Anyway – that aside, Richard’s position is that it’s dangerous to include Mono to the point where removing it is difficult, should that become necessary to legally distribute your software. On the surface, I agree. But he goes a little further, saying that since it is dangerous to depend on Mono, we should actively discourage its use. And on this point, we disagree.

I’m not arguing that we should encourage its use either, but I fundamentally disagree with discouraging someone from pursuing a technology choice because of the threat of patents. In this particular case, the law is an ass. The patent system in the United States is out of control and dysfunctional, and it is bringing the rest of the world down with it. The time has come to take a stand and say “We don’t care about patents. We’re just not going to think about them. Sue us if you want.”

The healthy thing to do now would be to provoke a test case of the US patent system. Take advantage of one of the many cease & desist letters that get sent out for vacuous patented technology to make a case against the US PTO’s policy pertaining to software and business process patents. Run an “implement your favourite stupid patent as free software” competition.

In all of the projects that I have been involved in over the years, patent fears have had a negative affect on developer productivity and morale. In the GIMP, we struggled with patent issues related to compression algorithms for GIF and TIFF, colour management, and for some plug-ins. In GNOME, it’s been Mono mostly, but also MP3, and related (and unrelated) issues have handicapped basic functionality like playing DVDs for years. In Openwengo, the area of audio and video codecs is mined with patent restrictions, including the popular codecs G729 and H264 among others.

What could we have achieved if standards bodies had a patent pledge as part of their standardisation process, and released reference implementations under an artistic licence? How much further along would we be if cryptography, filesystems, codecs and data compression weren’t so heavily handicapped by patents? Or if we’d just ignored the patents and created clean-room implementations of these patented technologies?

That’s what I believe we need to do. Ignore the patent system completely. I believe strongly in respecting licencing requirements related to third party products and developer packs. I think it’s reasonable to respect people’s trademarks and trade secrets. But having respect for patents, and the patent system, is ridiculous. Let a thousand flowers bloom, and let the chips fall where they may.

So if you want to write a killer app in Mono, then don’t let anyone tell you otherwise. If you build it, they will come.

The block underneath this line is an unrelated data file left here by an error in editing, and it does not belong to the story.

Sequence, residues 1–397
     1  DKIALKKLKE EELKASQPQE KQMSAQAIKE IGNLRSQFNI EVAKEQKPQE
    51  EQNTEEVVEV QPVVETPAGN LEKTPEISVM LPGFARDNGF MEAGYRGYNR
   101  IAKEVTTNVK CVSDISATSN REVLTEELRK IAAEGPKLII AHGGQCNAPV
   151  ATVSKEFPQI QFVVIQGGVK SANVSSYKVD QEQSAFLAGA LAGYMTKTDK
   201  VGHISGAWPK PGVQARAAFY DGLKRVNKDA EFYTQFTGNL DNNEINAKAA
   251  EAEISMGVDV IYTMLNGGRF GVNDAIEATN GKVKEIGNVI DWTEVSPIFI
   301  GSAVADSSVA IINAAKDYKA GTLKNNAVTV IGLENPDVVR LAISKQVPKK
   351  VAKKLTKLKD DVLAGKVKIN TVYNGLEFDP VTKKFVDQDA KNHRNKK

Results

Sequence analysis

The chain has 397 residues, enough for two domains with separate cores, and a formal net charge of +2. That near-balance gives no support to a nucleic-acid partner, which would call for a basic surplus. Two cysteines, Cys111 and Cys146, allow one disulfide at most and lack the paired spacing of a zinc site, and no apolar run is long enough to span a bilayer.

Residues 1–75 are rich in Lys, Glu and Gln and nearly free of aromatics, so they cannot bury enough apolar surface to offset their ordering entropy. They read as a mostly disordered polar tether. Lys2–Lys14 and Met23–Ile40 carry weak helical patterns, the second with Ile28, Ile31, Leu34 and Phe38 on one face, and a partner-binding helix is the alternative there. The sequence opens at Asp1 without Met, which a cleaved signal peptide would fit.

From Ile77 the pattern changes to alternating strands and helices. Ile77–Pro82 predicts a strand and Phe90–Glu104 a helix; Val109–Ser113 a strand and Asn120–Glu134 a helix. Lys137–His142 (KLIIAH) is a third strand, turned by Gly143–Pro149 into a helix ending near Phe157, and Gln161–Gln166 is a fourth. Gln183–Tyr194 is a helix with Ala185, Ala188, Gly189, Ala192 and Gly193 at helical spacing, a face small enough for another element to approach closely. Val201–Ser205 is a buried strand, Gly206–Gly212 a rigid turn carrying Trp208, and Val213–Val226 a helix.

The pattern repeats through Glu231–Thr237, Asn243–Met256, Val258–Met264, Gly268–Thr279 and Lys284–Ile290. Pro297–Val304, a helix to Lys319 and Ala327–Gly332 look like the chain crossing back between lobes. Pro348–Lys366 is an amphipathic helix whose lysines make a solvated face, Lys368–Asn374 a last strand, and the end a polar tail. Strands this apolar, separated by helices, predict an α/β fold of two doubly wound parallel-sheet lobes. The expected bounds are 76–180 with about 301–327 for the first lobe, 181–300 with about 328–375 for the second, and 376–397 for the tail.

OpenWengo not in limbo

General, openwengo, wengo, work 2 Comments

I have seen a meme spread over the past few days which I’d like to correct, and hopefully nip in the bud.

The OpenWengo project did not die with the withdrawl of Wengo. Nor is it in limbo.

The torch has been passed. (PDF) Finally, in late January, the news was announced. The project has a new maintainer, Vadim Lebedev of MBDSys. Vadim has been involved in the project from the beginning – he was hired by Wengo to write the back-end code for the first prototype. His company has experience providing customisation services on top of the software. He’s absolutely the best person for the job.

I have known this for several weeks, but was asked not to announce it until an agreement had been reached between Wengo and MBDSys. I alluded to this, as Marco indicated in his blog entry, in my previous entries on the subject, as well as in email to the mailing list.

To repeat myself: this is the great thing about free software – the project can outlive the founder. Spencer Kimball and Peter Mathis lost interest in the GIMP – it took 6 months to get over that speedbump, but the project outlived them. If Alfresco goes out of business, there are enough individuals and companies invested in the project that it will live on.

Wengo has withdrawn from the OpenWengo project, and yet development continues, people are still investing in it, volunteers are still working on it. Life goes on.

Welcome to the new way of doing things.

Breaking my silence

freesoftware, openwengo, wengo, work 10 Comments

For the past few weeks (actually, the past couple of months) I’ve been holding my tongue waiting for things to clear up a bit in relation to work. I now have a pretty good idea of where I’m at, and so the time has come to break silence and reveal all.

Along with a number of my ex-colleagues, I was laid off by Wengo last November. Recently, that was noticed by a journalist who follows the OpenWengo project and got announced on the community mailing list.

At the time of the lay-off, a number of us had planned to take over maintainership of the project, move the hosting somewhere else, redo a web-site, and create a company around the project (with the business model of providing customisation services and support). Unfortunately, for a number of reasons I won’t go into, after 5 weeks of work on the new company, that fell through. And so, at the beginning of last month, I started looking around for an alternative solution that I could announce to the OpenWengo community, and to companies building offerings on top of the software.